The ad, which will air on Northern Virginia, Norfolk and Richmond stations for two weeks, underscores the role that abortion will play in the race to succeed term-limited Gov. Robert F. McDonnell (R), an abortion opponent who at times has tried to downplay the issue but recently supported applying strict, hospital-style building codes to Virginia clinics.
McAuliffe and his Republican opponent, Attorney General Ken Cuccinelli II, are on opposite sides of the issue, with McAuliffe an abortion-rights supporter and Cuccinelli an opponent. Each has tried to cast the other as an extremist on the issue.
Susan B. Anthony List has been a big supporter of Cuccinelli, announcing an initial $1.5 million commitment to the race in February. The radio ad comes out of that $1.5 million. Advocacy and political groups affiliated with Planned Parenthood have lined up behind McAuliffe, former chairman of the Democratic National Committee.
The ad portrays McAuliffe as someone opposed to “common ground abortion center health and safety standards.”
“In the race for governor, there’s one candidate who has taken extreme positions, far outside the mainstream, one candidate whose radical ideas are troubling to every woman in Virginia,” a female narrator says in the spot. “It’s Terry McAuliffe.
“Just this month, Terry McAuliffe opposed basic health and safety standards for some women’s health clinics that perform abortions. McAuliffe refuses to require women’s health clinics to provide the same sanitary environment we expect of dental offices and hospitals. McAuliffe is bowing to the political pressure from powerful corporations that run women’s health clinics.
“They put their own interests above the health of safety of their patients. Virginia women’s clinics have been cited for unsanitary conditions, poor staff training, and poorly maintained equipment. But Terry McAuliffe is afraid to stand up for women’s health. He’s afraid to stand up for you.”
Mallory Quigley, a spokeswoman for the Susan B. Anthony List and Women Speak Out Virginia, sought to tie McAuliffe’s support for abortion rights to the capital murder trial of of Kermit Gosnell, a Philadelphia abortion doctor.
“In light of Kermit Gosnell’s ‘house of horrors,’ it is an outrage that anyone who purports to care about women would oppose efforts to ensure that Virginia women are treated with basic dignity and respect,” Quigley said. “More than 80 violations have been discovered in Virginia abortion clinics including blood-stained equipment and operating tables, improper disposal of fetal remains, staff failure to properly sanitize instruments, and even doctors performing exams with unwashed hands. Despite evidence that these common ground health and safety standards are needed, Terry McAuliffe refuses to defect from his abortion industry allies, who have vigorously fought these pro-woman efforts from the beginning.”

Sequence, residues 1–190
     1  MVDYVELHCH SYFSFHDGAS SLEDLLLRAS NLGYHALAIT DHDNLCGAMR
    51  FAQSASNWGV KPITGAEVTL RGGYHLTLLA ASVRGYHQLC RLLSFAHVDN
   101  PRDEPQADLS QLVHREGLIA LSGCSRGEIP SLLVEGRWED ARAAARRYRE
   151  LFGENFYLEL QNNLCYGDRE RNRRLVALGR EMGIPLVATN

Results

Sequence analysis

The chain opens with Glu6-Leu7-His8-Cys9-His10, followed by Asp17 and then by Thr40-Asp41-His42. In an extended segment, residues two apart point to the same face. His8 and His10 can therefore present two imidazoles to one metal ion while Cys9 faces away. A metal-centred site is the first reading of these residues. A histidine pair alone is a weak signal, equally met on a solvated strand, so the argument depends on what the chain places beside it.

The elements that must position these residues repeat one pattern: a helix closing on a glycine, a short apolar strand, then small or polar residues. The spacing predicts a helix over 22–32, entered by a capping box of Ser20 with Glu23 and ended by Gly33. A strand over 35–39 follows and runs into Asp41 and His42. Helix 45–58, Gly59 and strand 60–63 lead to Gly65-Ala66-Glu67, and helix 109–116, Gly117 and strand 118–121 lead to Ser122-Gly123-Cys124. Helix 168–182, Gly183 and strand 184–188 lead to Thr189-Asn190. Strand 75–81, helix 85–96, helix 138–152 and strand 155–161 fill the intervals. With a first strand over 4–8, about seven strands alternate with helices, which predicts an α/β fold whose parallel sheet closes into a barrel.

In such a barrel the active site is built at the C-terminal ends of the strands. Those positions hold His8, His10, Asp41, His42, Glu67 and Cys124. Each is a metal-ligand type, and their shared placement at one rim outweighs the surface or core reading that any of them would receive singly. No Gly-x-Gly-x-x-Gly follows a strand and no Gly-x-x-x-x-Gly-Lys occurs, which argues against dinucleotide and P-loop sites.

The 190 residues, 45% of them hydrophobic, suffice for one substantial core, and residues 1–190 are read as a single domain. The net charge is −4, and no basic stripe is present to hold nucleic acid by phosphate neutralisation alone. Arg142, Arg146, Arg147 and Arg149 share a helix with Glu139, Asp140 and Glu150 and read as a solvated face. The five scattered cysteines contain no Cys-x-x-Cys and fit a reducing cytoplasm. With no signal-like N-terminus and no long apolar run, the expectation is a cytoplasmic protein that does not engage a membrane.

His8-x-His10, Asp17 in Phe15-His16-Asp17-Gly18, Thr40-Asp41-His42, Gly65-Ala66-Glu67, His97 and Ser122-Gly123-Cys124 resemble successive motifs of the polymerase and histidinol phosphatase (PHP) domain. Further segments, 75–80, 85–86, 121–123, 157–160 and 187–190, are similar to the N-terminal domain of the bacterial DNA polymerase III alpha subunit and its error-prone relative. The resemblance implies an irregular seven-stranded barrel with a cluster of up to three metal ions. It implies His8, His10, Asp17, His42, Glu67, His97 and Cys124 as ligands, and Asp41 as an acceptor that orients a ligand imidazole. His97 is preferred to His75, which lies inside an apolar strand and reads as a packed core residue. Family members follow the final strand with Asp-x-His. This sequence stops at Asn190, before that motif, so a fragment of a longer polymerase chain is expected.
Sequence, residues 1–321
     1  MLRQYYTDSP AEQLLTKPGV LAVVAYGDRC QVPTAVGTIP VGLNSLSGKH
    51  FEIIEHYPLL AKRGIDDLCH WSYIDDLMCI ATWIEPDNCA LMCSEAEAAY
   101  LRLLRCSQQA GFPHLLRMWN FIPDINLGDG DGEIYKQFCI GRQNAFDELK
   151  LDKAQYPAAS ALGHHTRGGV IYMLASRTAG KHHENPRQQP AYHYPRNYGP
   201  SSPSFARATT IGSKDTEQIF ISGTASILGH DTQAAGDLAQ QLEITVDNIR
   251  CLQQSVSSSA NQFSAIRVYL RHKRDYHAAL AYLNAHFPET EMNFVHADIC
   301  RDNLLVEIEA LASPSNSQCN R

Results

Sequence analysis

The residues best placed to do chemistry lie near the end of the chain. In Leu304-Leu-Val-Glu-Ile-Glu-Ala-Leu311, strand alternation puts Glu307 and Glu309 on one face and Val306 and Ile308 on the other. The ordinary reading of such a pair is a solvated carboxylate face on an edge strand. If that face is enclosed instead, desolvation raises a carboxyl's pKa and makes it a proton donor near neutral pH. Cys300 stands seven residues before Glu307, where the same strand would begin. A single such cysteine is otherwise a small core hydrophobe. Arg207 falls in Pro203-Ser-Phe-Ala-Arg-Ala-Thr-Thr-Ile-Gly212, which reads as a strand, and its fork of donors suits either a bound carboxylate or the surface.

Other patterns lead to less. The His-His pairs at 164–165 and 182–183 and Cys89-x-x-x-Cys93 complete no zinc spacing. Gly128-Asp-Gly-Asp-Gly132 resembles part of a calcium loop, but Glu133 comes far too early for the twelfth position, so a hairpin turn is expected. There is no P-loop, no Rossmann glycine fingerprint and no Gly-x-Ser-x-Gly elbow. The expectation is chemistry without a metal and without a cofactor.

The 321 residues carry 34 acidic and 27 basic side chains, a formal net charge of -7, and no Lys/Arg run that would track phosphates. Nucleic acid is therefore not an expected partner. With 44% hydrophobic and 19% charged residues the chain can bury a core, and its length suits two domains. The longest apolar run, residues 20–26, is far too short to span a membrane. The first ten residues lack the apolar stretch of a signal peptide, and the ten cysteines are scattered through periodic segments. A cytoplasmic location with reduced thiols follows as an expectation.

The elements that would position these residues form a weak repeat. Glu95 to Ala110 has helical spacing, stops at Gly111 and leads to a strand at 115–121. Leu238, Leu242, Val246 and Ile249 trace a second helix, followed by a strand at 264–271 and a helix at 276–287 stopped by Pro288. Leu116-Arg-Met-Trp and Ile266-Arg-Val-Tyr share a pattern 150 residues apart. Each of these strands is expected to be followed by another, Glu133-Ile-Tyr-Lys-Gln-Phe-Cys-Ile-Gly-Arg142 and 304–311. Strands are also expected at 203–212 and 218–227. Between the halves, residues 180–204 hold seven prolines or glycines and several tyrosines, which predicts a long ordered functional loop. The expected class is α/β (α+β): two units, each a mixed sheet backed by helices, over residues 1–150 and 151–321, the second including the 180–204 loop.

McAuliffe spokesman Josh Schwerin issued a news release about the ad even before Women Speak Out issued its own, playing up Cuccinelli’s connection to the affiliated Susan B. Anthony List. The release said the group “aims to ban abortion even in cases of rape, incest and when the woman’s health is at risk.”
“Ken Cuccinelli has spent his career on a divisive ideological agenda, so its no surprise he’d make it the center piece of his campaign,” Schwerin said. “Ken Cuccinelli forced his divisive ideological agenda on Virginian women and it is already having real world ramifications. Cuccinelli himself said that these unnecessary regulations are designed to ‘make abortion disappear in America,’ and already we’ve seen a women’s health clinic be forced to close.”
Quigley said the Susan B. Anthony List opposes abortion except when the pregnancy would put the woman’s life at risk. But she said the organization does endorse candidates who support abortion in other circumstances, such as rape or incest.
Cuccinelli’s campaign declined to say Tuesday whether he supports abortion under any circumstances.
“It is well known that Ken Cuccinelli is a pro-life candidate,” said Cuccinelli spokeswoman Anna Nix. “Voters in the Commonwealth are concerned with the state of the economy and creating jobs.”
The Women Speak Out news release noted that McAuliffe’s campaign has declined to describe his stance on abortion in detail. When Susan B. Anthony issued a statement recently describing what it said was McAuliffe’s position on the issue — supporting “abortion on-demand at any time, for any reason, paid for by Virginia taxpayers,” including “sex-selective abortion, late-term abortion, partial-birth abortion, and abortions on teenage girls without parental consent” — Schwerin declined to say whether that accurately described McAuliffe’s position.
Pressed more recently to describe McAuliffe’s stance, Schwerin e-mailed The Washington Post: “Terry would oppose additional restrictions on women in Virginia making health care decisions. Terry believes the next Governor needs to be focused on mainstream ideas to grow the economy — but he’ll stand with Virginia’s women when their rights are under attack.”
Abortion dominated Virginia’s 2012 General Assembly session, when legislators considered a measure to require women to undergo a transvaginal ultrasound before an abortion. The issue was more muted this year. GOP leaders, who felt the ultrasound controversy helped Democrats push claims of a GOP “war on women” in last fall’s presidential and U.S. Senate contests, made sure this year that abortion bills died quietly in committee.
This post has been updated.